What correctly identifies a fingerprint and its ability to decrypt and access sensitive mobile devices and content. Latent fingerprinting has been in existence for hundreds of years and similar to signatures, the authentication and usage of both have transformed into a digitally coded approval key. Electronic submitted forms such as home closings, contracts, and court submitted documents approve the use of a digital signature from the signer and no longer require a “wet” original handwritten signature. Similarly, modern mobile devices such as iPhones are designed to to protect and encrypt sensitive user information such as banking data, personal collections of photographs, and thousands of personal sent and received communications. Accessing encrypted and protected mobile devices can be done using a passcode, pin number or even a fingerprint.
Passcodes and PIN numbers are protected by the 5th Amendment however, recent court rulings have not afforded fingerprint protections to the access of encrypted and protected devices. In this modern era and with the common practice of using your own fingerprint to unlock and view gigabytes of information, the question becomes when does a fingerprint become physical vs digital in its role in the protection of information. More importantly, once a digital fingerprint is explained and analyzed, how will it apply to individual protections afforded by the 5th Amendment; ‘nor shall be compelled in any criminal case to be a witness against himself.’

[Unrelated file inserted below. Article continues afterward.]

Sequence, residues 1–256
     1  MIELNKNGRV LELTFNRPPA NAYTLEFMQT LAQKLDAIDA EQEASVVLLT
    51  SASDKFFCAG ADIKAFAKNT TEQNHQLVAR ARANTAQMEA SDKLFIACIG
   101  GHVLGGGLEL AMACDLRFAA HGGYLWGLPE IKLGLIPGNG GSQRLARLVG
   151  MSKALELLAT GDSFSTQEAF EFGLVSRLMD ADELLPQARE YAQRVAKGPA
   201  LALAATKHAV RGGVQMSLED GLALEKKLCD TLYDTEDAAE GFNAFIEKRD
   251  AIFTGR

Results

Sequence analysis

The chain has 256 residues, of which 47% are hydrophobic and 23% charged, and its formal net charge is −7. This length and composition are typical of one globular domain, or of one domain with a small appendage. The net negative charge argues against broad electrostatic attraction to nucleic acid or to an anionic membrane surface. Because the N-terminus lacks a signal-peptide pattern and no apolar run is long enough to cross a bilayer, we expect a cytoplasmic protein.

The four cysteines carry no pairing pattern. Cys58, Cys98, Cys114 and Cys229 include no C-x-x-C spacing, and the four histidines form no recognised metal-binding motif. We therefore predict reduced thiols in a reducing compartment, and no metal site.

Traditional fingerprints are defined by general ridge patterns and impressions including arches, loops and whorls. These physical characteristics were traditionally collected through exemplars and analysis by experts to compare them to criminal databases for fingerprint identification or individualization.
Digital fingerprints or fingerprint biometrics are referred to as Touch ID technology when utilized with mobile device manufacturers such as Apple. Unlike traditional fingerprints, the creation of this form of authentication is highly sophisticated and utilizes an algorithm of unique digits vs ridges, arches, loops, and whorls. These biometric keys require a processor, checksum, hash function, and histogram in order to grant access to information systems such as the Apple iPhone. As such, a device owner must takes more than a dozen steps in order to an store an algorithm created from representing minutiae points of fingerprint. This stored digital passcode is identical to a manual password or PIN numbers and the rules of protections should always be applied to each one equally.
Setting up the Touch ID requires the user to correctly type in their personal passcode prior to setup and uses more than a dozen sub-epidermal calculations in order to create one Touch ID access and store it within the encrypted iOS device chip.
The Touch ID does not use the fingerprint surface as traditionally presumed but rather it accesses sub-epidermal skin layers and stores the Touch ID as an encrypted algorithm on the secure chip of the Apple A7, A8, A8X, A9, A9X or A10 Fusion processors. Apple has made the decryption impossible and to date, the Touch ID is 100% undecryptable.